Our MP-Net takes the optical flow field corresponding to two consecutive frames of a video sequence as input, and produces per-pixel motion labels. In other words, we treat each video as a sequence of frame pairs, and compute the labels independently for each pair. As shown in Figure 3, the network comprises several “encoding” (convolutional and max-pooling) and “decoding” (upsampling and convolutional) layers. The motion labels are produced by the last layer of the network, which are then rescaled to the original image resolution (see §3.1). We train the network entirely on synthetic data—a scenario where ground-truth motion labels can be acquired easily (see §3.2).

3.1 Network architecture

Our encoder-decoder style network is motivated by the goal of segmenting diverse motion patterns in flow fields, which requires a large receptive field as well as an output at the original image resolution. A large receptive field is critical to incorporate context into the model. For example, when the spatial region of support (for performing convolution) provided by a small receptive field falls entirely within an object with non-zero flow values, it is impossible to determine whether it is due to object or camera motion. On the other hand, a larger receptive field will include regions corresponding to the object as well as background, providing sufficient context to determine what is moving in the scene. The second requirement of output generated at the original image resolution is to capture fine details of objects, e.g., when only a part of the object is moving. Our network satisfies these two requirements with: (i) the encoder part learning features with receptive fields of increasing sizes, and (ii) the decoder part upsampling the intermediate layer outputs to finally predict labels at the full resolution.

Figure 3 illustrates our network architecture. Optical flow field input is processed by the encoding part of the network (denoted by (a) in the figure) to generate a coarse representation that is a downsampled version of the input. Each 3D block here represents a feature map produced by a set of layers. In the encoding part, each feature map is a result of applying convolutions, followed by a ReLU non-linearity layer, and then a max-pooling layer. The coarse representation learned by the final set of operations in this part, i.e., the downsampled version, is gradually upsampled by the decoder part ((b) in the figure). In each decoder step, we first upsample the output of the previous step by , and concatenate it with the corresponding intermediate encoded representation, before max-pooling (illustrated with black arrows pointing down in the figure). This upscaled feature map is then processed with two convolutional layers, followed by non-linearities, to produce input for the next (higher-resolution) decoding step. The final decoder step produces a motion label map at half the original resolution. We perform a bilinear interpolation on this result to estimate labels at the original resolution.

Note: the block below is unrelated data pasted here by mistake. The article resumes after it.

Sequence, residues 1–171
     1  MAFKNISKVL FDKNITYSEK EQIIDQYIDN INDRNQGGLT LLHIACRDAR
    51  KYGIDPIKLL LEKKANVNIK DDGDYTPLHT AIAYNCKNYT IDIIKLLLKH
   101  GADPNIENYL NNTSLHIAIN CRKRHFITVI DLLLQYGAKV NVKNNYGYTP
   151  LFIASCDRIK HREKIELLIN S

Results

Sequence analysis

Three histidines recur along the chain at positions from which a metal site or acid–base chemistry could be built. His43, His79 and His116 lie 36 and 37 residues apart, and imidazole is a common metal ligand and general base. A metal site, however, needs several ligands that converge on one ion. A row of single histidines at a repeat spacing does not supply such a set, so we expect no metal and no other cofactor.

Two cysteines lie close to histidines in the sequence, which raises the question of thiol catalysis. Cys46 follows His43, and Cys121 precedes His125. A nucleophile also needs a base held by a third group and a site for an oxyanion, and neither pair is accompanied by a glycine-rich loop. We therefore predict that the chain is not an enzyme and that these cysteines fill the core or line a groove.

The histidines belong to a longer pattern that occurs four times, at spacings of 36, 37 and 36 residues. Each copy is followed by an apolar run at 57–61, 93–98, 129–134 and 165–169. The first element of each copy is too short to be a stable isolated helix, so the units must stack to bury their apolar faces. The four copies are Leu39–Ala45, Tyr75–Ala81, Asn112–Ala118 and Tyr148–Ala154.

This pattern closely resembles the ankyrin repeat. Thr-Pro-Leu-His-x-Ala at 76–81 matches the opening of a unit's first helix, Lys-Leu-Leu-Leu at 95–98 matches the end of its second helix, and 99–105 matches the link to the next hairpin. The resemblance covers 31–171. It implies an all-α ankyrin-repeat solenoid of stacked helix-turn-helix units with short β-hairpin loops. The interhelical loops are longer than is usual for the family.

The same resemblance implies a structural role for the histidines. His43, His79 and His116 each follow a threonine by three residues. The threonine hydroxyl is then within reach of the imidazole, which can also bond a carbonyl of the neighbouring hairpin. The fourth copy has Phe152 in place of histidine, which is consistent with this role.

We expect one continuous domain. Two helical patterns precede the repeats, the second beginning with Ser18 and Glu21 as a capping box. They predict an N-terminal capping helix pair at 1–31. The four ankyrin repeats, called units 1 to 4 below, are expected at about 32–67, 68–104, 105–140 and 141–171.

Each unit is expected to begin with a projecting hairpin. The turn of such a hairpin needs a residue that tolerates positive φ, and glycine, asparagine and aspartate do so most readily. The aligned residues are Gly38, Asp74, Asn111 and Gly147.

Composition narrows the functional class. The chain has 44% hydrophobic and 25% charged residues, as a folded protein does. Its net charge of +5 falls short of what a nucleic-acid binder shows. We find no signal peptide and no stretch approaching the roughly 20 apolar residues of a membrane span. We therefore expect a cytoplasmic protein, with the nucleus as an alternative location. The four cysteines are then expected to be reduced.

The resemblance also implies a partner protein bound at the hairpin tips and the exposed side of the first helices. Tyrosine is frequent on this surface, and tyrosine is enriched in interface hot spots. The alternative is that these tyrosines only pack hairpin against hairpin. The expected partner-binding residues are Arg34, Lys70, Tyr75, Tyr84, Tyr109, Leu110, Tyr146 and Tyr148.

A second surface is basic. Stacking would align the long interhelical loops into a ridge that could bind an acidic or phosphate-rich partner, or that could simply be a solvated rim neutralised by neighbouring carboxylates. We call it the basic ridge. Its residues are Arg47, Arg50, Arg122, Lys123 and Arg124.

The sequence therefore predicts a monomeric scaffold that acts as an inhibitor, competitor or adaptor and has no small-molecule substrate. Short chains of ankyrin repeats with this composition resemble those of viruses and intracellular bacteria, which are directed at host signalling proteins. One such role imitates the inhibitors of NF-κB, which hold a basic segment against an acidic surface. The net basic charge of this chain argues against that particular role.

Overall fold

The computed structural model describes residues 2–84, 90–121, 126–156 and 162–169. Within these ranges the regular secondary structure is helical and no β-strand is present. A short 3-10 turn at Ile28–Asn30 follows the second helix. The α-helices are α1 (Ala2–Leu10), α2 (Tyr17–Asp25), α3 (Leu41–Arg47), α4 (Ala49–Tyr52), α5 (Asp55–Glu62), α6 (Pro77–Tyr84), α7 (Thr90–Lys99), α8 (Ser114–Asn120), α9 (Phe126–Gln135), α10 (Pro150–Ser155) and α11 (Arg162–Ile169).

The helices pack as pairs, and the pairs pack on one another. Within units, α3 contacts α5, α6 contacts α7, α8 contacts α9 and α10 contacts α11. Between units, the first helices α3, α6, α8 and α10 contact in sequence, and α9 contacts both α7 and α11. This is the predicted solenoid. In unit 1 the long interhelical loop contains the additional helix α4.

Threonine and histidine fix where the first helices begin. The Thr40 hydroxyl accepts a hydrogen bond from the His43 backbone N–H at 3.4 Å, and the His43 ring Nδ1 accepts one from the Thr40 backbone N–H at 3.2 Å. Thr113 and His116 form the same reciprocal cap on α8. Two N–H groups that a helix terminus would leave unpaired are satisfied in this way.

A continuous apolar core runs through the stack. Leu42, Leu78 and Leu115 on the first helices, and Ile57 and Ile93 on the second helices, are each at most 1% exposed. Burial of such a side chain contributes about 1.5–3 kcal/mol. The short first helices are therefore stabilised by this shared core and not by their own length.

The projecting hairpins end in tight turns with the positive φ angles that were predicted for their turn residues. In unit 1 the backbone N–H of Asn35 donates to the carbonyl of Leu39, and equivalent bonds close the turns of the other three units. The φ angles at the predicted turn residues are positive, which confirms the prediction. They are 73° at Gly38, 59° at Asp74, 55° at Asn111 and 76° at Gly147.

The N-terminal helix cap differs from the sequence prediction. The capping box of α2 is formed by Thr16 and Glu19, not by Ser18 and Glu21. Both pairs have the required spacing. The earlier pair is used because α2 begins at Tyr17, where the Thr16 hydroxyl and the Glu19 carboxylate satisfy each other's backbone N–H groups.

(a)(b)(c)

Figure 4: Each row shows: (a) example frame from a sequence in FlyingThings3D, (b) ground-truth optical flow of (a), which illustrates motion of both foreground objects and background, with respect to the next frame, and (c) our estimate of moving objects in this scene with ground-truth optical flow as input.

3.2 Training with synthetic data

We need a large number of fully-labelled examples to train a convolutional network such as the one we propose. In our case, this data corresponds to videos of several types of objects, captured under different conditions (e.g., moving or still camera), with their respective moving object annotations. No large dataset of real-world scenes satisfying these requirements is currently available, predominantly due to the cost of generating ground-truth annotations and flow for every frame. We adopt the popular approach of using synthetic datasets, followed in other work [8, 23, 11]. Specifically, we use the FlyingThings3D dataset [23] containing 2250 video sequences of several objects in motion, with ground-truth optical flow. We augment this dataset with ground-truth moving object labels, which are accurately estimated using the disparity values and camera parameters available in the dataset, as outlined in Section 5. See Figure 2(d) for an illustration.

We train the network with mini-batch SGD under several settings. The one trained with ground-truth optical flow as input shows the best performance. This is analyzed in detail in Section 6.2. Note that, while we use ground-truth flow for training and evaluating the network on synthetic datasets, all our results on real-world test data use only the estimated optical flow. After convergence of the training procedure, we obtain a learned model for motion patterns.

Our approach capitalizes on the recent success of CNNs for pixel-level labelling tasks, such as semantic image segmentation, which learn feature representations at multiple scales in the RGB space. The key to their top performance is the ability to capture local patterns in images. Various types of object and camera motions also produce consistent local patterns in the flow field, which our model is able to learn to recognize. This gives us a clear advantage over other pixel-level motion estimation techniques [3, 24] that can not detect local patterns. Motion boundary based heuristics used in [27] can be seen as one particular type of pattern, representing independent object motion. Our model is able to learn many such patterns, which greatly improves the quality and robustness of motion estimation.